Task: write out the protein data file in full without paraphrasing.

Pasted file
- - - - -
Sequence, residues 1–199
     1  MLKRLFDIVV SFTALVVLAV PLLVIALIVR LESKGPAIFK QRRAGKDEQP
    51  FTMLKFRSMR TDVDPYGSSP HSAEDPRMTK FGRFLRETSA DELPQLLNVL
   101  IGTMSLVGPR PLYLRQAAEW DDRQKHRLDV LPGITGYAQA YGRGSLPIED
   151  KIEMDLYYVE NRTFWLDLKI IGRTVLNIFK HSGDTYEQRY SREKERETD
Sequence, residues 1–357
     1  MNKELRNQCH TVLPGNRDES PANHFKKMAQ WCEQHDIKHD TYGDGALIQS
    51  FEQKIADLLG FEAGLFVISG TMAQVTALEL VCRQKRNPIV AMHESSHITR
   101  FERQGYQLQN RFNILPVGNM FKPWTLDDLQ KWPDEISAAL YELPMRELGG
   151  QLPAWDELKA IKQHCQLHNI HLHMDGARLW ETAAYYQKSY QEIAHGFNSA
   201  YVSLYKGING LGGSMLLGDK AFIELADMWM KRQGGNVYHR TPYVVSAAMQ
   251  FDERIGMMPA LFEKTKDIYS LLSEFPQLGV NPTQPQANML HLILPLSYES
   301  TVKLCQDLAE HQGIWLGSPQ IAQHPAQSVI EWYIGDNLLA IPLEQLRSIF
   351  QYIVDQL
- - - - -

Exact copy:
Sequence, residues 1–199
     1  MLKRLFDIVV SFTALVVLAV PLLVIALIVR LESKGPAIFK QRRAGKDEQP
    51  FTMLKFRSMR TDVDPYGSSP HSAEDPRMTK FGRFLRETSA DELPQLLNVL
   101  IGTMSLVGPR PLYLRQAAEW DDRQKHRLDV LPGITGYAQA YGRGSLPIED
   151  KIEMDLYYVE NRTFWLDLKI IGRTVLNIFK HSGDTYEQRY SREKERETD
Sequence, residues 1–357
     1  MNKELRNQCH TVLPGNRDES PANHFKKMAQ WCEQHDIKHD TYGDGALIQS
    51  FEQKIADLLG FEAGLFVISG TMAQVTALEL VCRQKRNPIV AMHESSHITR
   101  FERQGYQLQN RFNILPVGNM FKPWTLDDLQ KWPDEISAAL YELPMRELGG
   151  QLPAWDELKA IKQHCQLHNI HLHMDGARLW ETAAYYQKSY QEIAHGFNSA
   201  YVSLYKGING LGGSMLLGDK AFIELADMWM KRQGGNVYHR TPYVVSAAMQ
   251  FDERIGMMPA LFEKTKDIYS LLSEFPQLGV NPTQPQANML HLILPLSYES
   301  TVKLCQDLAE HQGIWLGSPQ IAQHPAQSVI EWYIGDNLLA IPLEQLRSIF
   351  QYIVDQL